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Irish Politician Calls For Crackdown On Open Source Internet Browsers

iYk6 Re:I think I speak for us all... (335 comments)

He starts by condeming browsers and proxies that help people browse the internet anonymously. Then he jumps to saying that anonymous browsing leads to trading drugs, weapons, and pornography. Then he commends the USA NSA for spying on Americans but is concerned that now that they have been caught Americans might do something about it.

about 8 months ago
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Speed Test 2: Comparing C++ Compilers On WIndows

iYk6 Calling home threw off the results? (132 comments)

Did calling home really throw off the results? Since that is something that ordinary users would have to put up with, I would think it should be part of the test. It might be difficult to get an average, but testing Intel's compiler only when it is at its fastest doesn't seem fair.

about 10 months ago
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2-D MMOG Glitch Released Completely Into the Public Domain

iYk6 Re:Cue Zynga code steal in 3 2 1 (70 comments)

How exactly would one steal a public domain work, even for a loose definition of "steal?"

about 10 months ago
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GCC 4.9 Coming With Big New Features

iYk6 But but Google? (181 comments)

But then how would Googlebot know that Phoronix is really great and popular and they should rank it higher in searches?

about 10 months ago
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Call Yourself a Hacker, Lose Your 4th Amendment Rights

iYk6 They do have the ability to release code silently. (488 comments)

The tipping point for the Court comes from evidence that the defendants â" in their own words â" are hackers. By labeling themselves this way, they have essentially announced that they have the necessary computer skills and intent to simultaneously release the code publicly and conceal their role in that act.

Sounds reasonable. Anyone with an intermediate understanding of computers and the internet would be able to publish something silently. Create an account with a seedbox, upload file, upload torrent to thepiratebay.sx.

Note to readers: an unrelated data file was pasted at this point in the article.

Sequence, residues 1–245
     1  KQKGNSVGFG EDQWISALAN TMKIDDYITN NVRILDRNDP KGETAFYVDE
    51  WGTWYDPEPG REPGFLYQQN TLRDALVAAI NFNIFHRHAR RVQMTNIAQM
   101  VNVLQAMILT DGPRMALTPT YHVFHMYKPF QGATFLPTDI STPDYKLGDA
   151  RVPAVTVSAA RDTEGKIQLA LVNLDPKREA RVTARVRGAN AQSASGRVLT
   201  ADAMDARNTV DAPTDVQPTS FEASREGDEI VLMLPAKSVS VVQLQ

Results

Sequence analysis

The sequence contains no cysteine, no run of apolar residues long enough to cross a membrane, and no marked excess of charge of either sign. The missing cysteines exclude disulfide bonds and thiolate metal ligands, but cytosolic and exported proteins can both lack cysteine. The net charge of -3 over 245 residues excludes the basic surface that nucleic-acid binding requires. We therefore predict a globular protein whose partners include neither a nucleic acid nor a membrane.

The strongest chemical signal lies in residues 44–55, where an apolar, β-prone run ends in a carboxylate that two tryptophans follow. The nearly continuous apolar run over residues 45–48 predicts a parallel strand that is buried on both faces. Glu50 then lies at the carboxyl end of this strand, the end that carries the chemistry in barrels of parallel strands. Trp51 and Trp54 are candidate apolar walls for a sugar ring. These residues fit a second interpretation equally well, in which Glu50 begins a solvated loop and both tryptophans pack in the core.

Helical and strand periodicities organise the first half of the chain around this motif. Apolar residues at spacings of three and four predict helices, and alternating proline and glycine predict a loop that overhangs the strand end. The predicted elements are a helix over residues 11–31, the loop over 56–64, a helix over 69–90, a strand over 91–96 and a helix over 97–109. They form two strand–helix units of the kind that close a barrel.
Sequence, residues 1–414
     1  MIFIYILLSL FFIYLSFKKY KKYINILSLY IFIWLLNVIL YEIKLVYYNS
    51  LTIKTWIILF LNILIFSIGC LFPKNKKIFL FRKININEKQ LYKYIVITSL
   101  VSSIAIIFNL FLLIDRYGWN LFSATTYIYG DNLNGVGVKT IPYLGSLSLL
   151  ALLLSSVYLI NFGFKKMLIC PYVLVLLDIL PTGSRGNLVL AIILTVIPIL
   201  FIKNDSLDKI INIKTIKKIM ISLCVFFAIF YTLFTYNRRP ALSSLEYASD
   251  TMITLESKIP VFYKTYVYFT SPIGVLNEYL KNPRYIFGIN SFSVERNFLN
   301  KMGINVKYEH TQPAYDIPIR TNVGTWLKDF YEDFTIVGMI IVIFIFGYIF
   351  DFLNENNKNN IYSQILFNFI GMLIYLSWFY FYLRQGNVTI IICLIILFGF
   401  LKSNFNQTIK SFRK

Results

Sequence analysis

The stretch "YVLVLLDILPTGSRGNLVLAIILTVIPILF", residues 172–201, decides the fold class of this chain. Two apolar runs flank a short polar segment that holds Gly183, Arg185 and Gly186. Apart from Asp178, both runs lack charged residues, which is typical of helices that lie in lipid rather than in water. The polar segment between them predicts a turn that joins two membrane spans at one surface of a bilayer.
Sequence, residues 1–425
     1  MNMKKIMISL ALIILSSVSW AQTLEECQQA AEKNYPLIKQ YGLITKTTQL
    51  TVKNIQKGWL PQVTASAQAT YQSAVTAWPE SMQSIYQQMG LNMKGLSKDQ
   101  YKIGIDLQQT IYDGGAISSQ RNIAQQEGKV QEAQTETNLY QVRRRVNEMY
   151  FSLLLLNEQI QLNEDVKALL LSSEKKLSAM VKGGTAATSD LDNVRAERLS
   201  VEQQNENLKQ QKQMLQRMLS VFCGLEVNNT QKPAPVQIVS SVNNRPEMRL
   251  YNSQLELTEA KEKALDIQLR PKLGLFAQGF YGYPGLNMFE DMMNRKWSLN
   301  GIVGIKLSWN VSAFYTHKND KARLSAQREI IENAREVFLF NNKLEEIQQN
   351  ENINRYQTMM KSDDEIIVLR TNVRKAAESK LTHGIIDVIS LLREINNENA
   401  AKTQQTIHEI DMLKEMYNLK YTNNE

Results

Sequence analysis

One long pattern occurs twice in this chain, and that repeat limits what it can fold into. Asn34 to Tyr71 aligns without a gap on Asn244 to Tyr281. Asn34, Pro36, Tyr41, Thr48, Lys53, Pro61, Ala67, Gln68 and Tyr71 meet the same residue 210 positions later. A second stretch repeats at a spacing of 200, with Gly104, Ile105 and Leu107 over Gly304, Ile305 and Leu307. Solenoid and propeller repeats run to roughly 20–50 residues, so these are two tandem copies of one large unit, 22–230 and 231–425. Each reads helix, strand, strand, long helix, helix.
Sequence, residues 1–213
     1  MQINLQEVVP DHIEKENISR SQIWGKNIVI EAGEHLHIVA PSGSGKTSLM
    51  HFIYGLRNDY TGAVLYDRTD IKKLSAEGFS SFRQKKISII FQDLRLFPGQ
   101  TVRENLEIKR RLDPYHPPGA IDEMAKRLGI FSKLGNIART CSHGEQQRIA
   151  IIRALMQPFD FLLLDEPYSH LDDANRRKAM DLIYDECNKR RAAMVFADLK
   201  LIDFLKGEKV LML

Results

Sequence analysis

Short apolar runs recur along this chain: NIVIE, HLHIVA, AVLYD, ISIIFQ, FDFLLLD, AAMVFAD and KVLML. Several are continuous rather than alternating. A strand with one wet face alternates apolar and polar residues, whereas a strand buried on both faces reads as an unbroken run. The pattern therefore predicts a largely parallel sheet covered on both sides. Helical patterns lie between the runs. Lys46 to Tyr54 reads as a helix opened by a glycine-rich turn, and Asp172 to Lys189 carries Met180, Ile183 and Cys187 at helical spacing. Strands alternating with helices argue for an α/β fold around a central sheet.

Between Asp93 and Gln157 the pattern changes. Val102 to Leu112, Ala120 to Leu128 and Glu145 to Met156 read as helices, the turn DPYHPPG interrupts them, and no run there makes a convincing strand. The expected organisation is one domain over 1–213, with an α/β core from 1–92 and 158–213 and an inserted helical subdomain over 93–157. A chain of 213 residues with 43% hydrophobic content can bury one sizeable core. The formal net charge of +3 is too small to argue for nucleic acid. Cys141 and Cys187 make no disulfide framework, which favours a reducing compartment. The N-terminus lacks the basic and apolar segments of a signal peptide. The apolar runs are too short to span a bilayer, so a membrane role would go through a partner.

It looks like all they did with the "hacker" identification is determine that they were intermediate level with computers and networking.

Judging from the summary, this is a standard courtroom procedure, and the submitter is trying to sensationalize it by leaving out all of the other evidence.

about a year ago
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Should Google Get Aggressive About Monetizing Android?

iYk6 Not if they know history (168 comments)

History is ripe with companies that built a product that does something different, and in ways better, than the competition. And once their product is successful, they try to emulate something that somebody else does, and their product share slowly declines as their users realize there is no longer anything special about the product.

Look at Firefox. It was a faster, lighter, less annoying and extensible browser. Over time, it slowly got bulkier, slower, and in some ways buggier. They annoy users by panicing any time a certificate is signed by an authority not on the list. When Google released Chrome, Firefox decided they wanted to have a Chrome-like super fast release cycle, which hurt extensions. Users are slowly leaving Firefox for other browsers, especially Chrome, as Firefox becomes less and less special.

If Google locks down the OS and prevents users from installing their own applications, then Android will no longer be special. People will still use it, since it's still a smart phone and devices will be cheaper than Apple. But as soon as a competitor comes along that offers what Google used to offer, users will quickly leave, and within several years Android will be a memory.

about a year ago
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Several Western Govts. Ban Lenovo Equipment From Sensitive Networks

iYk6 How would we know? (410 comments)

No evidence has yet been presented to back the claims...
Is it fearmongering?
Or is there some legitimate basis for the ban?

How would we know whether or not evidence exists? All we know is that we haven't seen any. Time will tell. If no evidence is preseneted in the next month or so, then we'll know that it's just fearmongering, and not a legitmate basis for a ban.

about a year ago